Jun 082013
 

Well, the glass sheets that I’ve been using since college finally got too scratched up to use. How does glass get scratched up? Apparently by stacking the sheets on top of each other with a few stray grains of sand trapped in between.  After animating the sand sequences for Barzan last year I discovered all my glass was beat up.

I got brand new sheets from Perkins glass, around the corner from my studio. They even sanded down the edges slightly so I can carry them around without risking cutting myself. And I got them cut to the correct size! Yes, back in 2007 when I had my old sheets made I miscalculated the dimensions and the sheets weren’t the full width they should have been. This means they only sat inside half of the wooden struts. Perfectly usable, but it meant I couldn’t really shift the glass left or right intentionally without them falling off. Now I have that option, and it feels much sturdier too:

new sheet of glass in my multiplane.

new sheet of glass in my multiplane.

The water film continues to chug along. A couple days ago I broke open the mostly locked audio and edited it down to about 8 minutes from 11 minutes. Quite a feat, really. Here are some more production photos:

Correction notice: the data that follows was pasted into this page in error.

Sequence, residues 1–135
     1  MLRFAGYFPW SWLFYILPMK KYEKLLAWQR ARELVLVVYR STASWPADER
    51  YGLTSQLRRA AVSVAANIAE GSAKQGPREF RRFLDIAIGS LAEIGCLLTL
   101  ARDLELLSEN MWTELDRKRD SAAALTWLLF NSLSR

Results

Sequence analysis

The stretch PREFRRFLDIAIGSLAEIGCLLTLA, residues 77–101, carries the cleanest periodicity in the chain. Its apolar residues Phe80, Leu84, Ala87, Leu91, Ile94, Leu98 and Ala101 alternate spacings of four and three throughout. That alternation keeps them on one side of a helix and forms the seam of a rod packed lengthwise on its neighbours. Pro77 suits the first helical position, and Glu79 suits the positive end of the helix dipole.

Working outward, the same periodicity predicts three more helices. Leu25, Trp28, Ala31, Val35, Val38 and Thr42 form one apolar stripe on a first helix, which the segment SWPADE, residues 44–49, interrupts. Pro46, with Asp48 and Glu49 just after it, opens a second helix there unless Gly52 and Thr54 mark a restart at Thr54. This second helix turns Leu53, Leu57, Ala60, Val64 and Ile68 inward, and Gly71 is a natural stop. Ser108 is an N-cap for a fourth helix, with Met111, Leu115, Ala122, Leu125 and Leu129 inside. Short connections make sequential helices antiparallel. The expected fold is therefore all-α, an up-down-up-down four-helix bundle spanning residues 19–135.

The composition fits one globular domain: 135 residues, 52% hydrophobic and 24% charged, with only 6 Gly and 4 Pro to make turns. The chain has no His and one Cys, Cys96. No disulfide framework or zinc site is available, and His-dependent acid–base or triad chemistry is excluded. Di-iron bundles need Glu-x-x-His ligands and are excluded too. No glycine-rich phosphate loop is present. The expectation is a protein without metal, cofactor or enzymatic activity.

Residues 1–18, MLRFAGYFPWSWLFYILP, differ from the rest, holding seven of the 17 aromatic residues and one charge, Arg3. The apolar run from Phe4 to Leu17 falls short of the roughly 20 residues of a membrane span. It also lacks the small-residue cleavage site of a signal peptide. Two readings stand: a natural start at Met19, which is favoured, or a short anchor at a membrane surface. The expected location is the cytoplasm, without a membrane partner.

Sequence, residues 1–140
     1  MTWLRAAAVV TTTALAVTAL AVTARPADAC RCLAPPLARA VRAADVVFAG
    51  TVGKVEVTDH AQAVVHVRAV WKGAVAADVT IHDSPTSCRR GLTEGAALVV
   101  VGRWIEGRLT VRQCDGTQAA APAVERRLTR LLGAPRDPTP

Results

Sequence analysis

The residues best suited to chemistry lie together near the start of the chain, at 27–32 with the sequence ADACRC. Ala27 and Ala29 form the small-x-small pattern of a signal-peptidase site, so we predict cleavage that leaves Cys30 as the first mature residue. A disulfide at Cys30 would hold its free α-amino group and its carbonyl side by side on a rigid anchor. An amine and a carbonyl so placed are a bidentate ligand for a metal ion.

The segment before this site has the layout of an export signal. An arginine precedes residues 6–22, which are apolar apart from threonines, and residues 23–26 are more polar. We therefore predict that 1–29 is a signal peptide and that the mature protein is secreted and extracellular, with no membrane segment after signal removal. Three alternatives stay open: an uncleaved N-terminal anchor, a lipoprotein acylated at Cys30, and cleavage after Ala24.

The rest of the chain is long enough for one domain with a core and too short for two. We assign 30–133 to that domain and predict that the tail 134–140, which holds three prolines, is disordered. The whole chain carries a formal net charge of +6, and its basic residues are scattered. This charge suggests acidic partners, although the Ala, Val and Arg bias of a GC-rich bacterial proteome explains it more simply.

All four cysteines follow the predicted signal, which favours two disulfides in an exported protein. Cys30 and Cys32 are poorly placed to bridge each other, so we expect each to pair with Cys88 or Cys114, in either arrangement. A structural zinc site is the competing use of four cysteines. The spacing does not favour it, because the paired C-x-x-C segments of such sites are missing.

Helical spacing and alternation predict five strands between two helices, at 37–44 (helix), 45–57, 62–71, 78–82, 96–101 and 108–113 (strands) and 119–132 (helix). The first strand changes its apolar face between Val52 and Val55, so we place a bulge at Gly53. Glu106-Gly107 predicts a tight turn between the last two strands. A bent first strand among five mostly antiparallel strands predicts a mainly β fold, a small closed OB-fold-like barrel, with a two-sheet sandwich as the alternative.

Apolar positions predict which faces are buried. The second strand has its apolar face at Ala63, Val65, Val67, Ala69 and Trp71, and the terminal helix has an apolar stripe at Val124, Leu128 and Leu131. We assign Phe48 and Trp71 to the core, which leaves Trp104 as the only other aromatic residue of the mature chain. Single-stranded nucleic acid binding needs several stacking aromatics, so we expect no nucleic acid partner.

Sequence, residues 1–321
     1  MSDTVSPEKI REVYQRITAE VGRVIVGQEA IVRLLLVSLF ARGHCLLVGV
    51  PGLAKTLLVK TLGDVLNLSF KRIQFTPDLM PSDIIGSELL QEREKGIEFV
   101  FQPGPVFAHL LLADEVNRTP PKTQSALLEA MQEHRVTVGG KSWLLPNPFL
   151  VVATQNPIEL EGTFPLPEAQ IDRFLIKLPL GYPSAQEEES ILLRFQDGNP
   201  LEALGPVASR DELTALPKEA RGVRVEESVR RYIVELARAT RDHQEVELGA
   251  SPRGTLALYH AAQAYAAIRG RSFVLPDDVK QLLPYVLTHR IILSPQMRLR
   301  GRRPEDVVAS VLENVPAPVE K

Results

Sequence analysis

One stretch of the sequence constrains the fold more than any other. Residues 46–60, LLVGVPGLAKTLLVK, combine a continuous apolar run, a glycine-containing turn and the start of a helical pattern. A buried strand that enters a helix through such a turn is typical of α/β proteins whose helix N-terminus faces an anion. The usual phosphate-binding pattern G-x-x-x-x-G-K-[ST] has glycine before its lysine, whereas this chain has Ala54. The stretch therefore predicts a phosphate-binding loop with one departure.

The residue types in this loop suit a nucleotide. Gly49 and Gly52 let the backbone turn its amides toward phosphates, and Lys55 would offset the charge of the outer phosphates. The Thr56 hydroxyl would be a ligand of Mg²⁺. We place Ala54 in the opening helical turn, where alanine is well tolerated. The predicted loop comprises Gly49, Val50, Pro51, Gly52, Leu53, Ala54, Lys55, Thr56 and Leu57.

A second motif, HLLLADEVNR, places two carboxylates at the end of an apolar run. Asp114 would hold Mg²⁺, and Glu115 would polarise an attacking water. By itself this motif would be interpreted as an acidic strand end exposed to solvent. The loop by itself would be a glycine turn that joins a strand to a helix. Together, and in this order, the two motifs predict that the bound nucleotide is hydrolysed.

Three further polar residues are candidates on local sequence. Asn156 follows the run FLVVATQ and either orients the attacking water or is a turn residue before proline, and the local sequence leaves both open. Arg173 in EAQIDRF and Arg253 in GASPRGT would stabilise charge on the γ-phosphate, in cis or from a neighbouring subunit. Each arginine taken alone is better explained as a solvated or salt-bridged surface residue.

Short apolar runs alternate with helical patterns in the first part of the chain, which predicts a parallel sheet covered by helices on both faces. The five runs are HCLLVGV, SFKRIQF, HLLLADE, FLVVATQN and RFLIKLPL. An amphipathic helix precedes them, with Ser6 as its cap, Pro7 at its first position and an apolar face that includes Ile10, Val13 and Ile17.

The earth after its water has dried

The earth after its water has dried

This Earth is from one of the water cycle scenes. Here you see it dried, but in the film the water is animated, moving around the globe. Next up was the title sequence! Here I drew the word in water and added ink slowly to it until the word became visible, and then more until the word became a puddle of ink. But you can see an outline of the original water markings underneath the puddle. I really love this accident. Also, note how it seems my animation stand is still tilted to the left. I added some shims, let’s see if that fixed it:

You can still see the word 'water' underneath all this ink

You can still see the word ‘water’ underneath all this ink

Ink is added to words written in water

Ink is added to words written in water

Above is the beginning of another word-related scene. Here you can see the words written in water, and ink is being added to ‘reservoirs’. Below is the shot of my stand after the scene is over and the ink has dried. You can still see them underneath all that dried ink:

The end result of another word-related scene

The end result of another word-related scene

Here is a close up:

Oceans still present

Oceans still present

 

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